The intense rivalry between two of baseball’s oldest teams is a “doozy”, as they say. The New York Yankees – Boston Red Sox rivalry is one of the oldest and most dynamic tussles of any sport worldwide. As with football’s Real Madrid-Barcelona El Clasico, this rivalry goes beyond the playing field or the baseball court as well; it’s akin to religion, politics, culture with a passion, pride and with a vitriol all of its own. The rivalry actually began well before the two teams came to fore. From the Earliest days of American Revolution, there exists an underlying animosity, intense dislike or jealousy, if you will, between the two cities of Boston and New York.
The very first meeting of this storied rivalry took place on April 26, 1901, with neither team being known as the Yankees nor the Red Sox. Their respective names would happen in 1908 for Boston and in 1913 for New York. But even without their present-day names, the rivalry was very much alive. These two great sports rivals would go on meet through the past 110 years a total of 2,091 times, with the Yankees carrying a slight 1,127 to 950 win advantage over the Red Sox. Likewise, the Yankees hold an 11 – 8 advantage over Boston in the all-important post-season or playoff meetings.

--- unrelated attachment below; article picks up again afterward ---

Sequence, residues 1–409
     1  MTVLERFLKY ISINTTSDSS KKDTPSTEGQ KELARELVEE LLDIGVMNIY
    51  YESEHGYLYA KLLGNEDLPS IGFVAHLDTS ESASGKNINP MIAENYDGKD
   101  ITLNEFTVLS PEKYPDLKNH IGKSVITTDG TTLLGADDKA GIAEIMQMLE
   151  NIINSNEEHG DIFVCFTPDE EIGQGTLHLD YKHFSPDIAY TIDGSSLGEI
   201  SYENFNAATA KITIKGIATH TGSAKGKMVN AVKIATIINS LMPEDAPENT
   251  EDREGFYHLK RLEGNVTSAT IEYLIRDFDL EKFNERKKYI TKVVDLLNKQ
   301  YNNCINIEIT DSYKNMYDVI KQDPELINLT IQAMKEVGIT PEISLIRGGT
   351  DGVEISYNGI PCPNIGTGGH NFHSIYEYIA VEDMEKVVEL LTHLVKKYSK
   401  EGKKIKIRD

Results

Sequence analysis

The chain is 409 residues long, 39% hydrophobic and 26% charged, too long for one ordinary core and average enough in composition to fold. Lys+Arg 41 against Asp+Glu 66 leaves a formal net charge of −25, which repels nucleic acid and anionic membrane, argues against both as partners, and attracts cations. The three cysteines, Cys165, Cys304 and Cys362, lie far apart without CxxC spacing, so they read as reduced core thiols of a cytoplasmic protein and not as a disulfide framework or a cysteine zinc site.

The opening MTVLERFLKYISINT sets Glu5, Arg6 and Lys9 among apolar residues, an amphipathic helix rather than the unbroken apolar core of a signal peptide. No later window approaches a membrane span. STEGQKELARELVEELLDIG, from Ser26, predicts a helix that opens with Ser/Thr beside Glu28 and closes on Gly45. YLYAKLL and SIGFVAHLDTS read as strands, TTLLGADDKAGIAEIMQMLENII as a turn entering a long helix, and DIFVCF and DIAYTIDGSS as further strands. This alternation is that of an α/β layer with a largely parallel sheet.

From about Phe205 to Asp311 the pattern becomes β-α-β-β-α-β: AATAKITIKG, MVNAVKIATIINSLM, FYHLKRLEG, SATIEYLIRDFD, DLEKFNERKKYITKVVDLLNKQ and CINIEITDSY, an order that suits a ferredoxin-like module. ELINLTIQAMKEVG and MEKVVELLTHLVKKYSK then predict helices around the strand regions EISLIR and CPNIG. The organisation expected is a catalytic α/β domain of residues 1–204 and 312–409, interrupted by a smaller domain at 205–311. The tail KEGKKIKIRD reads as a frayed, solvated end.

The angst in the Yankees – Red Sox rivalry would reach its stratospheric level because of the legendary icon of Baseball, the “Sultan of Swat” himself, Babe “Bambino” Ruth. It was from him where the superstition “The Curse of the Bambino” was derived. Having said that, it’s time to spill the beans, the curse of the Bambino was a superstition that evolved from the failure of the Red Sox to win the World Series in 86 years since winning in 1918.
The Red Sox fans could not truly blame the Yankees but rather the highly leveraged then-owner of Boston Red Sox team who, while in the midst of an acute financial bind, decided to sell some players, including the already legendary and successful Babe Ruth to the New York Yankees in 1919 for $150,000 and a loan of $300,000 secured by French Park, the Red Sox stadium. Alas, Bambino would move to New York, become the catalyst for the first New York dynasties and the building of the Yankee Stadium or what was then referred to as “the house that Ruth built.” The year 1918 would mark the last World Series title for the Red Sox with Babe Ruth on board. The reversal of fortune was an abrupt one, with the Red Sox falling into obscurity and the Yankee dynasties with Ruth rising and then capturing several World Series titles.
Finally, in 2004 AL Championship series against the Yankees, the Red Sox forged an extraordinary and incredible comeback from 0 – 3 games behind in the best of seven playoff format to win 4 – 3, the first team to ever do so in any best of seven playoff series. They then went on to victory in the World Series over the St. Louis Cardinals. And this was believed to be the lifting of the curse of the Bambino.